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Robert Bean, Roy Hartling, Alvin Comiter, Bruce Sparks, Gary Wilson
From March 4th 1980 to March 29th 1980
Halifax

In art, as in every sphere of human endeavour, there are those who lead and those who follow. And regardless of whether or not the followers equal or even exceed the leaders, their work is always dogged by a sense of déjà vu. Such is the case with the group photography exhibition currently on display at Optica Gallery.

In their twenties or early thirties, the five photographers represented all worked or studied together at one time at the Nova Scotia College of Art and Design in Halifax. Robert Dean, Alvin Comiter, and Gary Wilson are still living in the Maritimes. Bruce Sparks now resides in Calgary, Roy Hartling in Montreal.

As titles like Building with Sign suggest, Comiter, who is the best known of the group, takes a deadpan approach. One of his black-and-white photographs – Laundry Racks – conveys a real sense of ambiance. But most of the others rely on visual jokes. For instance, a winged statue appears to be tossing the wreath it is holding aloft over a flagpole on a nearby building. Unfortunately, the humor is too slight to sustain viewer interest.

There are two principal themes running through Spark's black-and-white photographs: construction sites and water in natural and unnatural bodies. In one striking images, a single figure is seen from above swimming in the outdoor pool at Lake Louise, Alberta. However, too many of the photographs are dull in both concept and tonal range.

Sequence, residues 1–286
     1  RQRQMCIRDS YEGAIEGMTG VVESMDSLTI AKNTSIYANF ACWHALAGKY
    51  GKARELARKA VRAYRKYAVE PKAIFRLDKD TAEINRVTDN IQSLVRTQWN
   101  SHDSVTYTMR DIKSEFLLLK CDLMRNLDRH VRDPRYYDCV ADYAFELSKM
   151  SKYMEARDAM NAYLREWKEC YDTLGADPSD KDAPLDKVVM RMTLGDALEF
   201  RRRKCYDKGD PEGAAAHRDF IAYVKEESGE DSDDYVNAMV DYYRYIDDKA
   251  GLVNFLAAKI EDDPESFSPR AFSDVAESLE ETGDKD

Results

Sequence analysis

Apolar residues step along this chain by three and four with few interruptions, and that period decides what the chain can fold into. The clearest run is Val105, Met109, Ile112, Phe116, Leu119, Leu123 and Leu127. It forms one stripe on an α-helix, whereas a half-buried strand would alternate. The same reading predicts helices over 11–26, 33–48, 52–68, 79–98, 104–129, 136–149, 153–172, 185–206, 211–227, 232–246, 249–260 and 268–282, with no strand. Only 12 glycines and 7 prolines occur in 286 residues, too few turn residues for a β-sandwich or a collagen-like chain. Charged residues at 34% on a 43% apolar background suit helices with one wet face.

Robert Bean gives a twist to his exploration of the built environment by adding the element of colour to his square-format photographs. Two images stand out, one for its beauty and spatial ambiguity, the other for its evocation of place. The first shows a fireman spraying a burning red-shingle house, a rainbow created by the jet of water from his hose. The second shows a line of houses painted in the bright colors which help offset the dreariness of Maritime drizzle.

It is Hartling, however, who is the most successful of the four photographers working in what has been termed the "urban landscape" genre. Through juxtaposition of figures apparently unconscious of each other, he creates ambiguous new relationships, often with sinister overtones. One of his black-and-white images, for example, captures a woman casting a worried glance at a man oblivious to her presence; behind her in shadow can be dimly perceived another figure of whom she is unaware.

In contrast to his colleagues, Wilson explores the natural landscape, alternating panoramas with close-up views, infusing a melancholic beauty into what might otherwise be considered as drab scenes. One particularly expressive image depicts a village and cove from an elevated perspective. The surface quality of the prints is strong. But most importantly, there is a refreshing authenticity to the photographers: they seem to be the photographer's direct response to the environment surrounding him.

The exhibition continues at Optica Gallery, 1029 Beaver Hall Hill, 5th floor, until March 29.
- [Source to be confirmed]